Garfield County can inspect oil and gas pipelines |

Garfield County can inspect oil and gas pipelines

John Colson
Post Independent staff
Glenwood Springs, CO Colorado

Buried pipelines used by the oil and gas industry in Garfield County are open to inspection by county officials to determine that the work was done correctly, officials confirmed this week.

But those same officials were reluctant to discuss such issues this week due to an ongoing pair of court cases involving an Antero Resources pipeline project.

“This is all in litigation, so I can’t say too much,” said the county’s chief building official, Andy Schwaller, on Wednesday.

One of the cases is a condemnation suit by Antero against landowner Bob Regulski, concerning a pipeline easement across Regulski’s property at the confluence of Divide Creek and the Colorado River near New Castle.

The other is a suit filed by Regulski, accusing Antero of trespassing and fraud, among other charges. Antero, after signing an easement agreement with Regulski, dug a trench and began laying the pipeline outside the original easement, according to Regulski and the county, and instead of resting the pipeline on a bed of gravel, the company filled the trench with boulders and large rocks.

The pipelines are partly meant to carry a variety of liquids, potentially including oil, natural gas and produced water that comes out of gas wells, which often contains toxic chemicals.

Regulski believes the pipeline poses a health hazard due to its proximity to the Colorado River and the possibility the pipes might break apart and spill toxins into the ground and the water.

Regulski complained, and the county imposed a “stop-work” order on the project. Schwaller stated in a written affidavit that the pipeline is in the wrong place and improperly installed.

Antero, in documents filed as part of the court cases, has said the pipelaying work was not finished when the work crews were forced to leave, and that had they been allowed to finish the quality of the work would not have been an issue.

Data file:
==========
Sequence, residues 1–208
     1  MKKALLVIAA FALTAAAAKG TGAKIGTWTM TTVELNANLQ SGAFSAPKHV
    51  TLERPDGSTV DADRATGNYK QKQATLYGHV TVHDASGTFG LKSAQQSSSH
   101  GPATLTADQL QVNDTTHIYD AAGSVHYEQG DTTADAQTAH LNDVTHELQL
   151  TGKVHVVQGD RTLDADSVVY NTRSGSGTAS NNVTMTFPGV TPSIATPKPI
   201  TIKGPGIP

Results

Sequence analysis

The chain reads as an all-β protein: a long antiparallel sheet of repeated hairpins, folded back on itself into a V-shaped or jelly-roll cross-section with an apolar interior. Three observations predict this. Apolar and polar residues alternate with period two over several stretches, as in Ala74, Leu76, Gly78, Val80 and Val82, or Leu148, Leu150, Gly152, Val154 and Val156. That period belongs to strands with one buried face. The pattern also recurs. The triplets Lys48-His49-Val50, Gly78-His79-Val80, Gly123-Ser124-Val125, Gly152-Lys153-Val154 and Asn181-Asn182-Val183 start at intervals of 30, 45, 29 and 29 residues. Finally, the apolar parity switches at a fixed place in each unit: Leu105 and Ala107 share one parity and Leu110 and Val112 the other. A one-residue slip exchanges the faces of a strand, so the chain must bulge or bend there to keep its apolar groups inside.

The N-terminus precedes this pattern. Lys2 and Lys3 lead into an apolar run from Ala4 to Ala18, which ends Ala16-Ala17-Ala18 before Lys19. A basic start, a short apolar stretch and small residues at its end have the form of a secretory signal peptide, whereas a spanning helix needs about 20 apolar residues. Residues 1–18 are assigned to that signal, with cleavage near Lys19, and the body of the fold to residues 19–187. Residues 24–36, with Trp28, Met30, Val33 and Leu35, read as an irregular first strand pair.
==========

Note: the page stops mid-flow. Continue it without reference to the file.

Regulski has asked the board of county commissioners to consider making a study of other pipelines that have been buried around the county, but the BOCC has not agreed to do so.

“I’m sure we’ll be discussing that in the weeks to come,” said Schwaller about the state of pipelines in general, although he added that the board of county commissioners has not called for a public discussion on the matter, to his knowledge.

Garfield County regularly issues grading and, in come cases, land use permits for pipelines related to the Piceance Basin gas drilling industry.

While the county does require specific development plans for pipelines that are at least a foot in diameter and two miles long, according to county codes, the Antero project across Regulski’s land involves a pipeline that is exempt from that requirement due to its smaller size, Schwaller said.

The county does not have any policy for generally inspecting pipelines during the installation process, said Dale Hancock, director of general services, but it does check on revegetation plans after installation is complete.

As for lifting the stop-work order, Schwaller said it will take some negotiations between the county and Antero, adding, “We’re in the process of working on that now.”

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